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May 2, 2017

Networking Fair Brings Together Japanese Companies and ABE Initiative Participants

photoThe venue bustles with activity

About 100 Japanese companies and 340 young Africans studying in Japan as part of the ABE Initiative attended the third African Business Networking Fair on March 24, 2017. *1

The event, held this time at Ota City Industrial Plaza PiO, is part of the ABE Initiative (Master's Degree and Internship Program of African Business Education Initiative for Youth*2), which aims to develop African human resources and strengthen networks between Japanese companies and young Africans who can act as “navigators” for Japanese investment in Africa. This was the third time it was held.

The fair was sponsored by JICA and United Nations Industrial Development Organization's Tokyo Office, and had additional support from the African Development Bank Group External Representation Office for Asia.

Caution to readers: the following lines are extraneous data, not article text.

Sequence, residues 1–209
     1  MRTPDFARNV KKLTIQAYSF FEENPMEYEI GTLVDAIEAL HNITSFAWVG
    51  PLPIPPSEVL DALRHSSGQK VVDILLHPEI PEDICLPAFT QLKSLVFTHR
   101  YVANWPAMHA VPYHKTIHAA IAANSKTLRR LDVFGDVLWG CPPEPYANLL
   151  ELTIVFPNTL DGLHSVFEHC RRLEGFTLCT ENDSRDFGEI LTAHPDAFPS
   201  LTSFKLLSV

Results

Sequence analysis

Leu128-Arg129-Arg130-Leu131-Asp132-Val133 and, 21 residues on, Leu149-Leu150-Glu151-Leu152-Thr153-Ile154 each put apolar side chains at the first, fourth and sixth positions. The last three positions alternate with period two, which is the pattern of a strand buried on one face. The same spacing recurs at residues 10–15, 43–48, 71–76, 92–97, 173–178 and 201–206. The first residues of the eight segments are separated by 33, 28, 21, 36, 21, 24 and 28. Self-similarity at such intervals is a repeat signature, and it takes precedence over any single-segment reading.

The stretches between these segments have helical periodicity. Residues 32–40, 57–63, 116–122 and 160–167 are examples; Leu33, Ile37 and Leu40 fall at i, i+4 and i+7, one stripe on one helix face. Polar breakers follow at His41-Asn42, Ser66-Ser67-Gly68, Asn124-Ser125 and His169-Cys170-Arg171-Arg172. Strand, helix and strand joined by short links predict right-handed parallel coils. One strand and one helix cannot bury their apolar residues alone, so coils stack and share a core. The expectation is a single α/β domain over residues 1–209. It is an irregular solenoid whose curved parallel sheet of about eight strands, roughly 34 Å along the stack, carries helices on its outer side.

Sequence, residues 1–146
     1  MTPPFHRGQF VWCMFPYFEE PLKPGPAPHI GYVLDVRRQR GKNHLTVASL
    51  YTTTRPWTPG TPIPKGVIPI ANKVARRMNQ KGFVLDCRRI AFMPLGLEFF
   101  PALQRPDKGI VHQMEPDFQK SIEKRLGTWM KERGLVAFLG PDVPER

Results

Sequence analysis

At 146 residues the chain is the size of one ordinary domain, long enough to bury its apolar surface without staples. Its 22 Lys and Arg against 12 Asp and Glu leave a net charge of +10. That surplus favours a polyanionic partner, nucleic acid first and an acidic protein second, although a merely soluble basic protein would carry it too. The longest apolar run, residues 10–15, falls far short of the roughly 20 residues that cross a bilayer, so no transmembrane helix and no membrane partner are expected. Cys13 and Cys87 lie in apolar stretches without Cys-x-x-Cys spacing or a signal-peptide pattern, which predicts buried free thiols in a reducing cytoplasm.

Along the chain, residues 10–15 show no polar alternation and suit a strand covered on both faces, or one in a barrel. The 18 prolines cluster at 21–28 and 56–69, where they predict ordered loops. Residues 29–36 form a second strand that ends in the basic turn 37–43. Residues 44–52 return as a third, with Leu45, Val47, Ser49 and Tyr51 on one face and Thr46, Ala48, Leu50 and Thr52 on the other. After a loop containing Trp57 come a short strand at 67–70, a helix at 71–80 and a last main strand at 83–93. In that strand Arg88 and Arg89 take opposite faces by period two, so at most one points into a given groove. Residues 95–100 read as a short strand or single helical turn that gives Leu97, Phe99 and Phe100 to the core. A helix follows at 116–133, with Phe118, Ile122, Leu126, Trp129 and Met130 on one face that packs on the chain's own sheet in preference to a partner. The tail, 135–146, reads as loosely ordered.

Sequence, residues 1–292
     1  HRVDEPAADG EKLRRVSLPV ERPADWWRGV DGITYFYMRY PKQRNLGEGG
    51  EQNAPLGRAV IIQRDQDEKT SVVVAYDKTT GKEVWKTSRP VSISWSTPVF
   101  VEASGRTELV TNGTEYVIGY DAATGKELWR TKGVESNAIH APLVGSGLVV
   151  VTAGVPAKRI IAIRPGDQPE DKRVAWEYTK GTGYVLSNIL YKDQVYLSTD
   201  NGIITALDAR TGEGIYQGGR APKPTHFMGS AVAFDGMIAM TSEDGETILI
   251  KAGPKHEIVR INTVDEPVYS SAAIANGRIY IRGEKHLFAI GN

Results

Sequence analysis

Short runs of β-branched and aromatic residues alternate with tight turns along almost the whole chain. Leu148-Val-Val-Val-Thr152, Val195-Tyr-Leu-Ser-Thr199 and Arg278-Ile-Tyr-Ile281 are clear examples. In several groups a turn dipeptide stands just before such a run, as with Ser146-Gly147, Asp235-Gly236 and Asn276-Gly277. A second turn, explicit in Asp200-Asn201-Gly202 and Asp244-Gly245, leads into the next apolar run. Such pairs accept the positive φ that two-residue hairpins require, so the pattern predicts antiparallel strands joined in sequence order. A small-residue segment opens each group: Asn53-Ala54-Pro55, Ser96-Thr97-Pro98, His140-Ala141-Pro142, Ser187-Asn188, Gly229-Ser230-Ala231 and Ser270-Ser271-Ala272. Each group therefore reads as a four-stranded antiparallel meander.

Japanese companies see a business opportunity in Africa

photoTakeo Tokunari of Meiwa Co., Ltd., talks with a third-batch participant at his company’s booth

The Japanese companies got to know the participants, who are part of the third batch of ABE Initiative participants and came to Japan in September 2016. Nine companies gave presentations on their businesses on a stage, and the participants listened attentively.

Meiwa Co., Ltd. of Kanazawa City, Ishikawa Prefecture, is a small-sized engineering company that previously accepted 15 interns from the second batch of ABE Initiative. It also exhibited at the Japan Fair at the Sixth Tokyo International Conference on African Development (TICAD VI) held in Kenya in August 2016. Meiwa designs various biomass carbonization plants to convert organic waste into agricultural charcoal.